Fun Loving Meghan Klingenberg Helps U-20s to the World Cup Final
Growing up in Western Pennsylvania, Meghan Klingenberg shared a dream with countless other young female soccer players. She wanted to one day play for the U.S. Women’s National Team and don the jersey that her soccer idol, Michelle Akers, once wore.
A consistent call-up to the U.S. Youth National Teams since the Under-16 level, the skillful and crafty Klingenberg had risen through the ranks and, in 2007, worked her way into the pool of players competing for spots on the 2008 FIFA U-20 Women’s World Cup Team.
After former U-20 coach Jillian Ellis moved on to become an assistant to the senior Women’s National Team, U.S. coaching legend Tony DiCicco stepped in. Klingenberg, then a freshman at UNC, missed the first few camps under DiCicco with an ankle injury (she still doesn’t know how she hurt her ankle executing a diving header) but was ready for the team’s trip to Cyprus last March. Playing against full women’s national teams from Europe, the feisty winger quickly earned a place in the starting lineup and has been there ever since.
Now, after years of preparation – and dreaming - Klingenberg is playing in her first-ever world championship and has helped the U.S. earn a place in the FIFA U-20 Women’s World Cup Final. One of the most consistent players on the roster, the right-footed Klingenberg has performed with class at left back through her four starts, shutting down some very talented attacking players much larger than herself.
“As I’ve gotten comfortable with the team and gotten to know everyone, I think my role has changed,” she explained. “In the beginning people looked at me and wondered how I was going to prove myself and contribute. As time has gone by I hope the team knows that they can count on me on the field.”
It is that kind of trust and chemistry that Klingenberg believes has translated to team success. Of course, winning games tends to bring any team closer together, but there is a stronger bond with the current U.S. U-20 WNT.
“Our team chemistry is amazing,” she said. “We have a ton of fun together. For instance, today at practice we were beating each other up during our scrimmage but afterwards we were still joking around and laughing together. I think that’s the best part of the team and what makes us stand out.”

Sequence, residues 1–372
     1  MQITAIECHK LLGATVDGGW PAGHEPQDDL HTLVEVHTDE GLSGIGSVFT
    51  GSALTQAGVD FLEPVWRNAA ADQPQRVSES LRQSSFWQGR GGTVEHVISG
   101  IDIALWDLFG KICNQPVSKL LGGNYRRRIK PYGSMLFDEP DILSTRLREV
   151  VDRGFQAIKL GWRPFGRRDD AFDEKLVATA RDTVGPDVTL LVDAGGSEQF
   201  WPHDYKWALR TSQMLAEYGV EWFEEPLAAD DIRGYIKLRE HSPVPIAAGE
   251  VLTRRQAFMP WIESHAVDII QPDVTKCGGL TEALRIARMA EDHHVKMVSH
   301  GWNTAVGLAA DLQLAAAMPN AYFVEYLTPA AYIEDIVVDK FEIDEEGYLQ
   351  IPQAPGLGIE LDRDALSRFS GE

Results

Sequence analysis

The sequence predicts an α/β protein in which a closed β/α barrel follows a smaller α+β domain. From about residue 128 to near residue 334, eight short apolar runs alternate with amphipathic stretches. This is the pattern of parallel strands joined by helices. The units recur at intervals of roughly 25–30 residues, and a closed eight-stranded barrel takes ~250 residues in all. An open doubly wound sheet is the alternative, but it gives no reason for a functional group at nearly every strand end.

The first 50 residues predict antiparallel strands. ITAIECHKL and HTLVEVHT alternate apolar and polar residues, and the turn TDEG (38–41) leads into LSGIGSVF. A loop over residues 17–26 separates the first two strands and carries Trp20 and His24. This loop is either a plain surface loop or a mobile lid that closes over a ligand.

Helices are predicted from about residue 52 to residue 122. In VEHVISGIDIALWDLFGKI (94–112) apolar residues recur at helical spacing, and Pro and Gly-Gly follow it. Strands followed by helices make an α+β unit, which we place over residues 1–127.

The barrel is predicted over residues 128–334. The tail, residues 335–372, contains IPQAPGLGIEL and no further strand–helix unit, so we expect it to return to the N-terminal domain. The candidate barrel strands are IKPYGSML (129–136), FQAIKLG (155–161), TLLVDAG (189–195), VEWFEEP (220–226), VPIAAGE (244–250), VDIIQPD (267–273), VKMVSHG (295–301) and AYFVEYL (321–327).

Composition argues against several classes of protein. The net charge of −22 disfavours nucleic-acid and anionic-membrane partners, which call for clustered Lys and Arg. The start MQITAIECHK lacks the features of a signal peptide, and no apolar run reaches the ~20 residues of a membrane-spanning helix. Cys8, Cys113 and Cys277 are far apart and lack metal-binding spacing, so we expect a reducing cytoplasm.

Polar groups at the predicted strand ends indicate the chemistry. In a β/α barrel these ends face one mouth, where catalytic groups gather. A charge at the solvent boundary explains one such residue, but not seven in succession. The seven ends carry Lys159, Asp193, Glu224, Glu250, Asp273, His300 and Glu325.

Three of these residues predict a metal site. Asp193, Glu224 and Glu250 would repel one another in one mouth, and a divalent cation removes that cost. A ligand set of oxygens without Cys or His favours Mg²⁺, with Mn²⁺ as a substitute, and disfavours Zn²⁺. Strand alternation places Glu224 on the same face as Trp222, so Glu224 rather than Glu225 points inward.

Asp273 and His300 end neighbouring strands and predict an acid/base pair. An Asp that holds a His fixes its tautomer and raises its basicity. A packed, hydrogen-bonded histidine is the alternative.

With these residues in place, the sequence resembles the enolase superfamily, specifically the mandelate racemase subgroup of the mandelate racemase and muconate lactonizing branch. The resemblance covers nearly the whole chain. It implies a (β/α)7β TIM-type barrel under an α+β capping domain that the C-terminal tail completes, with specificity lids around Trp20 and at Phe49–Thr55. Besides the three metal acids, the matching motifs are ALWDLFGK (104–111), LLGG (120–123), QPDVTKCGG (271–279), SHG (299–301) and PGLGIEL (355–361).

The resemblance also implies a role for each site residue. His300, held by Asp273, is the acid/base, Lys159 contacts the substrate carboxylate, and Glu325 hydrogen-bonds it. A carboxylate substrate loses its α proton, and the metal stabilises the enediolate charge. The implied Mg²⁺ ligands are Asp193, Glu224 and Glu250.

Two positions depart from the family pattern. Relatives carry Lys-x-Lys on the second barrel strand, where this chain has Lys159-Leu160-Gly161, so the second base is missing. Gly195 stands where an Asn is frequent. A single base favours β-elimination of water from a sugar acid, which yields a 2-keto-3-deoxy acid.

Klingenberg describes herself as the jokester (her teammates would concur), always trying to make everyone laugh, and has never taken herself too seriously. Though an intense competitor, she realizes the importance of having a blend of personalities on the team.
“I just like to have fun,” she said. “Don’t get me wrong, I’m very competitive and I love to win, but at the same time I like to enjoy myself as much as possible.”
Her outgoing nature stems from growing up surrounded by a lot of family members, who of course have remained a big part of her life as she’s traveled the world playing the sport she loves. Her parents and grandfather journeyed all the way to Chillan, Chile, to see Klingenberg compete in the group phase of the World Cup.
Even when they can’t travel to different continents to see her play in person, Klingenberg enjoys her family’s support during her matches. Her grandparents made sure to keep track of all her games, whether in person or on the Internet.
Not long ago, her grandfather was visiting her aunt’s house and was intently following a website to track one of her college games. His passion was enough to ignite a spark in her aunt and yet another Klingenberg super fan was born.
Klingenberg has already realized one of her soccer dreams: playing for the University of North Carolina. The legendary program boasts one of the most dominant dynasties in sports history and a list of former players that includes U.S. National Team stars Mia Hamm, Cindy Parlow and Kristine Lilly and more recently Cat Whitehill, Heather O’Reilly, Lori Chalupny and Lindsay Tarpley.
After watching UNC play when she was just seven years old, Klingenberg convinced her parents to take her to the Chapel Hill campus. It was love at first sight.
“Ever since then I made sure I trained my butt off to give myself a chance to go there,” she said.
As her Tar Heels head into the NCAA championship game without her and U.S. and UNC teammate Nikki Washington, who has also contributed greatly to the USA’s run in Chile, she knows that an even bigger goal is within her reach if she can help the USA win a world championship.
Klingenberg has dreams to one day play in the Olympics and senior Women’s World Cups, but for now, winning the U-20 Women’s World Cup is her focus as this once-in-a-lifetime opportunity is just 90 minutes away.
As her inspirational and mature play in Chile has been seen back in the United States with all the games being broadcast on the ESPN family of networks or Galavision, there is no doubt that more Klingenberg super fans have been created.
Perhaps even Michelle Akers has caught a game? If she had, she would be proud that her legacy has spawned a person and player like Klingenberg, whose passion on and off the field has played a major role in helping the U.S. women into yet another Women’s World Cup Final.